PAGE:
Holiday Closure Information

The Study Abroad Office will be closed during the following times for the 2015 Holiday Season:

Monday Dec 7th  11:30am to 1:30pm
Thursday Dec 17th  1:30pm to 5:00pm

The office will close for the Winter Break on December 24th, and will reopen on Monday, January 4th 2016.

If you are currently abroad and require immediate assistance, please call NC State Campus Police at +1.919.515.3000. You can call collect.

Happy Holidays from NC State Study Abroad 2015

Now Advising for Spring ’16

Advising for Spring '16 (Feature)
“Nothing compares to stepping out of your comfort zone into a completely new world, with interesting people, beautiful landscapes, ancient culture, and challenging situations. Many years from now, you will still be proud in saying to yourself, ‘I did this!'”

NC State​ Agriculture Sciences​ major
China: Plant Resources, Ecology & Culture (Summer)

Attend Study Abroad 101 (formerly general advising session) for more information.

Photo c/o Yan Wang 

Apply for Summer 2015 Study Abroad before February 15!

DSCN3582Applications for summer 2015 are being accepted on a rolling basis until the program fills or until February 15, 2015. Lisbeth Arias (pictured) studied in Florence, Italy last spring where she continued her education as a Fashion and Textile Design major. We recently caught up with Lisbeth to see what she’s been up too and hear about her experiences while studying in Europe!

 

 

What kind of study abroad experience did you have and how did it connect to your studies?
I never left the classroom. All of Europe was a learning space for me. I learned interpersonal skills through my encounters with people from all around the world. I experienced personal development when I would get lost and couldn’t find my way back home. Studying abroad was hectic and unpredictable, but looking back, I can’t believe it all happened. I feel privilege to tell others where I was, who I met, and what it all meant to me.
Did you gain any unique experiences that might help to benefit your career?
I never thought I would’ve been interning for a local boutique while studying abroad in Florence, Italy. Because of my Italian minor and my Fashion & Textile Design major, I was able to work with an Italian seamstress, a French pattern maker, and a Korean designer. That’s what I call an international experience. Through the internship I learned the Italian work ethic and how it’s okay to close the shop if you need a coffee break. I also learned what true customer service means. In the United States, customers go to shops and buy what they find on the racks. In Italy, the customer came in and found the silhouette she was looking for; however, she was taken in for measurements, she chose her fabrics, and a couple of weeks later, she received the dress that was fitted to her body. Even though the Italian approach on fashion was a longer process, it allowed customers to understand that they don’t need to alter their bodies to find the perfect dress. It’s the clothes that need to be refined and that’s the designer’s job.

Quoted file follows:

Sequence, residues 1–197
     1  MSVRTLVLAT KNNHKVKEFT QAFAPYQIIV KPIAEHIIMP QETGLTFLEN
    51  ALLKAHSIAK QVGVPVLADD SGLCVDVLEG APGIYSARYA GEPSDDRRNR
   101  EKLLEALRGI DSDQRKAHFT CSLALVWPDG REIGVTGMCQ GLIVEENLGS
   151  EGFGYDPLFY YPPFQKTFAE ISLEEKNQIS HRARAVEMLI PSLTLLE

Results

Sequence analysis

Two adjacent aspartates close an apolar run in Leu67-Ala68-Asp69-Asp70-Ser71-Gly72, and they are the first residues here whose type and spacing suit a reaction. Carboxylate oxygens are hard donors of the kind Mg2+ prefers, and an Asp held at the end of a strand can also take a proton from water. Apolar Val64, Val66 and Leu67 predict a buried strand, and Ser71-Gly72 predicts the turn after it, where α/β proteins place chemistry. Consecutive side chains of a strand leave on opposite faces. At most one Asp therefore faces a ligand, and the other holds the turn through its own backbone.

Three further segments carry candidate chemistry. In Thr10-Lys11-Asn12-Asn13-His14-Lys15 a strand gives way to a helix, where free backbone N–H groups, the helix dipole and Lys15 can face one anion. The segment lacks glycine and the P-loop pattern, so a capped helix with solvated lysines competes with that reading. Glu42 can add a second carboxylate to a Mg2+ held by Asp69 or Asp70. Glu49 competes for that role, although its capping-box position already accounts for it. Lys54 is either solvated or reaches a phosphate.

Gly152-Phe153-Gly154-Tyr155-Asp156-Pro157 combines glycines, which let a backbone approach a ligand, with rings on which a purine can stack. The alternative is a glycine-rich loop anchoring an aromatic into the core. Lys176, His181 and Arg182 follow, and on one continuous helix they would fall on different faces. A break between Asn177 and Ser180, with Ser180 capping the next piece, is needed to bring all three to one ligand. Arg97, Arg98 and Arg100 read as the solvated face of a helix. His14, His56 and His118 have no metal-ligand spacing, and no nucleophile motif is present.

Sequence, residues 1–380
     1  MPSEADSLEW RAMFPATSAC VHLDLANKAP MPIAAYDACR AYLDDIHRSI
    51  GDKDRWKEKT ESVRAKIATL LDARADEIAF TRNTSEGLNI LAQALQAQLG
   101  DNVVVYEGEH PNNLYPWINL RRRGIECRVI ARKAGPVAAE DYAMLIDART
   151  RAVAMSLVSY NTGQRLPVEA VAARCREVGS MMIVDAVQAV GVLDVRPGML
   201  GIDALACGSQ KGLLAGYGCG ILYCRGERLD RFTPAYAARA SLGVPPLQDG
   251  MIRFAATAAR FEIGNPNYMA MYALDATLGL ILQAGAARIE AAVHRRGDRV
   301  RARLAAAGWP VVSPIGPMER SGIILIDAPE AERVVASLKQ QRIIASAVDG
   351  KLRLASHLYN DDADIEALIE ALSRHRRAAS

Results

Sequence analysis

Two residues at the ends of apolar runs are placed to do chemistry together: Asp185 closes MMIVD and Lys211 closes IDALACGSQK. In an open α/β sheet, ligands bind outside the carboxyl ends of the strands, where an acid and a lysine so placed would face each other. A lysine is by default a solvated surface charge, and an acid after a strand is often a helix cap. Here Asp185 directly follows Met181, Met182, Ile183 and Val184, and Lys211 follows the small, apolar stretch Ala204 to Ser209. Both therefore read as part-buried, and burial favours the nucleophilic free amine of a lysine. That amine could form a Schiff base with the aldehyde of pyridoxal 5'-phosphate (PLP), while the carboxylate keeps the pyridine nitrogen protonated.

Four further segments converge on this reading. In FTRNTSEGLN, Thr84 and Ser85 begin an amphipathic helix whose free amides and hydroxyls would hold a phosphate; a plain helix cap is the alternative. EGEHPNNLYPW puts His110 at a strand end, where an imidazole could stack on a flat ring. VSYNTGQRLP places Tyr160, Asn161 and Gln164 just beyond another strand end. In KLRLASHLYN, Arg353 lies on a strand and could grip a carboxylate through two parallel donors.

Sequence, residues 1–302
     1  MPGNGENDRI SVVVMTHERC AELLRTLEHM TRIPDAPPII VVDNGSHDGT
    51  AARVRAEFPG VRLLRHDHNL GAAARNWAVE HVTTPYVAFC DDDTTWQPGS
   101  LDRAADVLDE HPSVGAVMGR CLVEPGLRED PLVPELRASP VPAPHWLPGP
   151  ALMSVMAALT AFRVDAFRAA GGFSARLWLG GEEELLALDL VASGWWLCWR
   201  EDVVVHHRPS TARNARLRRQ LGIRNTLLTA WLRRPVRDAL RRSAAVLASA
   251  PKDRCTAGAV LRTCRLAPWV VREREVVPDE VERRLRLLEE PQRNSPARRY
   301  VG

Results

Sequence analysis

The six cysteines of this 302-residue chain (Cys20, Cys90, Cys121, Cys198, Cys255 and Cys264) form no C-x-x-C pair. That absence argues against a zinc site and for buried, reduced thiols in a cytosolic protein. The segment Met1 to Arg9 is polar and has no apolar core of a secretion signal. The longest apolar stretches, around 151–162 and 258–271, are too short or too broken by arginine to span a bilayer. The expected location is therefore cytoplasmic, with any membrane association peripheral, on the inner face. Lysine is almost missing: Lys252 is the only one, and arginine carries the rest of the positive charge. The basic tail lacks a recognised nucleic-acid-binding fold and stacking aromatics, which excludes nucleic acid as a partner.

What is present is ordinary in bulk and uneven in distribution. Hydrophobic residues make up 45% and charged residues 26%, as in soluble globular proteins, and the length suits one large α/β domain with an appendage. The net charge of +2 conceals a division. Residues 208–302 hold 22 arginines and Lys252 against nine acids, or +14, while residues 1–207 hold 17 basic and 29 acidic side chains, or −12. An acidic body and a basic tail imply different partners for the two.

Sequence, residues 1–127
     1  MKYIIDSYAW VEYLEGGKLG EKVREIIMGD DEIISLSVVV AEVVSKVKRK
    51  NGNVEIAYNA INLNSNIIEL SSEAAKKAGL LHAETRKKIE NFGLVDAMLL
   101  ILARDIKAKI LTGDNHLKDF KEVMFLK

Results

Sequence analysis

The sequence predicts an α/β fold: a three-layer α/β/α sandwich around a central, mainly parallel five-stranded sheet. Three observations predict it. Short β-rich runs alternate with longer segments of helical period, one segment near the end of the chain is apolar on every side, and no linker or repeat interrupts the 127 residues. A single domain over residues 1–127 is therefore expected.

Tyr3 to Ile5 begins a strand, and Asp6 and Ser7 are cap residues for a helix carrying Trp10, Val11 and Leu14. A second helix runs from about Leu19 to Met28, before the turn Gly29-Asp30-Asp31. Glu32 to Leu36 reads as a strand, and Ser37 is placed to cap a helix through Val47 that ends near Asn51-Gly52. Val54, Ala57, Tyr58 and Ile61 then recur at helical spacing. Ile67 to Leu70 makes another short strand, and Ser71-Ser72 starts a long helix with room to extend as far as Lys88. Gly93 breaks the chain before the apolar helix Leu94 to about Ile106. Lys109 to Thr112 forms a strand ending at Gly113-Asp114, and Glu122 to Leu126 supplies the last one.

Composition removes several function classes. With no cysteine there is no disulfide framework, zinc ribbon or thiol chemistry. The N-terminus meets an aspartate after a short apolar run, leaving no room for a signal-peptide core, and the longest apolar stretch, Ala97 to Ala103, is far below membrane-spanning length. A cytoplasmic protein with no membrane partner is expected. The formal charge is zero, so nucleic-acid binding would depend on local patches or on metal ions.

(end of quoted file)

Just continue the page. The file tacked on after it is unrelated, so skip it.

What kind of advice would you give to other students who are thinking about studying abroad? OR what is something you wish someone would have advised you?
I wish someone would have told me how quickly a semester goes by when you’re abroad. I went abroad with the impression that I was going to travel to all the places I intended to go. Unfortunately, there weren’t enough weekends. I would advise other students to really value each day you have. Go to a new restaurant for dinner, try a new hobby, travel to the small towns, and go for a walk when you’re bored…. If I could do it again, I would try something new each day. Just remember, your time is short and eventually, it all comes to an end.
What would you tell students who are on the fence about studying abroad or are hesitant to go for it?
For everyone who is thinking about studying abroad, go for it. It truly is a one of a kind experience. I’ve traveled to several countries on my own, but I wasn’t able to really immerse myself in the culture like I did in Italy. Being a student in another country allows you to embrace problems that you would never face if you were just visiting. For example, grocery shopping and doing laundry are simple chores in the US, but in Italy they were a struggle. I could only buy what I could carry, and drying my clothes only worked when the sun was out. It’s silly, but studying abroad introduces you to a different you. You discover new ways to improvise when exchanging words isn’t possible, you discover new foods you can’t live without, and you learn how to take amazing pictures. But more importantly, you learn to be patient with yourself and others. Plans don’t always work out and the language barrier isn’t an easy obstacle, but at the end of the day, it’s all part of the new discovery you embrace when you study abroad.

Increasing Number of Study Abroad Students by 2019

GSA_Partner_orangeNC State has joined the Institute of International Education’s Generation Study Abroad national initiative to double the number of American students who study abroad by the end of the decade, #GenerationStudyAbroad. NC State has committed to growing its study abroad participation by 50% by 2019. The initiative is also focusing on increasing the diversity of the students who study abroad, ensuring quality, and removing barriers to participation.